This is a review of the Recruiter Bootcamp I attended Sept 9-10, 2014.
Short Version: One of the best investments I’ve ever made in my career. My only regret is not doing it earlier.
Long Version: Below is a breakdown of what to expect. As you can see, this is not your typical “professional development” seminar.
The van picks up us up at 8am and drops us off in a field on Peter’s Tall Pony Ranch. The driver just says “keep walking until you see the tractor or the dogs.” Peter picks us up in the tractor and takes us on a hayride to his home. Cell phones and watches are collected and we head to the cabin. This should be fun.
We are given a time-management tool to show us exactly how to run our days – arguably one of the most important tools we’ll receive – and we dive into crafting positioning statements. These statements are what differentiate us from other recruiters. They’ll become critical to all our future calls – BD, recruiting, and reference checks included.
We learn how to tele-source for passive candidates – which eventually means we’ll never have to look at a job board again – and we learn how to determine whether those folks are recruitable. Peter gives a live demonstration and calls a few companies. He collects several new names, and even secures a meeting for one of the students with the President of a Canadian company. Not bad.
We break around 5 but don’t leave the ranch. What comes that afternoon and evening is a blur: hayride out to the lake, margaritas out of mason jars, a moonlit mule ride, and then a feast on the baby back ribs, chicken, and venison sausage that had been slowly cooking all day. Oh, and tequila shots with pickle backs (called a Rebecca, after one of his former students). I’ve had KC BBQ before, but this stuff puts the rest of them to shame.
Back to the cabin at 8:30. We finalize our positioning statements and work out the kinks for our tele-sourcing calls, and then Peter turns us loose on the phone. I stumbled through the first few calls (nerves) and eventually collected 5 names from a few kind receptionists. One student collected 24 names. After the final tally we averaged 7 names a piece. Not bad for our first shot.
After lunch it is back to work learning how to turn those tele-sourced names into candidates (or clients). We made more calls, left scripted voicemails (the scripts are incredible), and then attended to the return calls (these scripts produce incredible return call rates). One student came back with a job order and a new client. Nice, so this stuff actually works.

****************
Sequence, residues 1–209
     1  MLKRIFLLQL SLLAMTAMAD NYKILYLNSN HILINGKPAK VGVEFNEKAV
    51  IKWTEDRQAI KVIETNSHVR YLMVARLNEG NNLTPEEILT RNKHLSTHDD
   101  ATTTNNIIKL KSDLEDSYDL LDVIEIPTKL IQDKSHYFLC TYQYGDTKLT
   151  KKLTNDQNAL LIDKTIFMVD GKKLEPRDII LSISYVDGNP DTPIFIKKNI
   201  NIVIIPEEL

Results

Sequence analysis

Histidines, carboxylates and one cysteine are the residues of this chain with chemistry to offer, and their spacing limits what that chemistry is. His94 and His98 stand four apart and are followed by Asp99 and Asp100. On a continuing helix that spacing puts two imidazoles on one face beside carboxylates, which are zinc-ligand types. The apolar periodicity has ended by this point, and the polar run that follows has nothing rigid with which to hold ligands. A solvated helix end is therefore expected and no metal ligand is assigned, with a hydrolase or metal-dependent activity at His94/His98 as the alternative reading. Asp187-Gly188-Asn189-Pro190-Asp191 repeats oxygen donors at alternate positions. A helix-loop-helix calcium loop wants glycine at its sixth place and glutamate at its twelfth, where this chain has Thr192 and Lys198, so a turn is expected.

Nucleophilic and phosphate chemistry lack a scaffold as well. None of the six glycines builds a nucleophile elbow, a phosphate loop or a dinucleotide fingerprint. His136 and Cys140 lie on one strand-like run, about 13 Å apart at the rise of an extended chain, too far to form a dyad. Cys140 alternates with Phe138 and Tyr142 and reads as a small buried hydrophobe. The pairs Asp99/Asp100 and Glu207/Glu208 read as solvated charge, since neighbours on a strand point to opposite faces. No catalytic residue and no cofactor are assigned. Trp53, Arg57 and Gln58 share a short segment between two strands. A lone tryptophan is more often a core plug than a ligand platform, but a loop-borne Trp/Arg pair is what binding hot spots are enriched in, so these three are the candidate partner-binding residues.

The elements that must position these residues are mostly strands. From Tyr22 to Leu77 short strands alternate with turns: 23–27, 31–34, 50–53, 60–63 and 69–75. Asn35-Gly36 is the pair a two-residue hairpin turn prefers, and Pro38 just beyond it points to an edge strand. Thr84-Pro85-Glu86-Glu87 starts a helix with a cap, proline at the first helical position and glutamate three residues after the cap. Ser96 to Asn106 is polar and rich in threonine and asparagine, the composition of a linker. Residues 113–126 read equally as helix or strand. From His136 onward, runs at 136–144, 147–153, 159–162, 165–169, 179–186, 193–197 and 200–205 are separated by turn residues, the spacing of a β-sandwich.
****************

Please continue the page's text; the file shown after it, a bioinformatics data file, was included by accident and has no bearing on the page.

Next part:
That evening the students were set loose for a night out on the town: Irish pub, Houston’s, then another bar. And Fireball.
This day is much quieter, which surely has nothing to do with us staying out past our bedtimes the previous night. Or the Fireball.
This day is all about the Innerview – a structured approach to digging deep into the candidate’s skill set – and it might be the second-most important takeaway. We learn how to greet candidates, dig into their skills, elicit their career wish list, and ask for referrals the right way. I’ve already had two candidates tell me after our Innerview that they felt so comfortable working with me, and that no one’s taken the time to learn as much as I did about their backgrounds.
That takes us right up to the deadline to drop people off at the airport. We share a few inside jokes, handshakes and hugs, and everyone goes their separate ways. I left with a lot more knowledge than I started, a new set of skills I’ve already started using, and a few extra pounds I’m still working off.
Peter, his wife, Cindy, and their friend Dennis were some of this most hospitable folks I’ve ever met. Thanks, guys, for making this a memorable and highly productive 3 days! See you in the next class!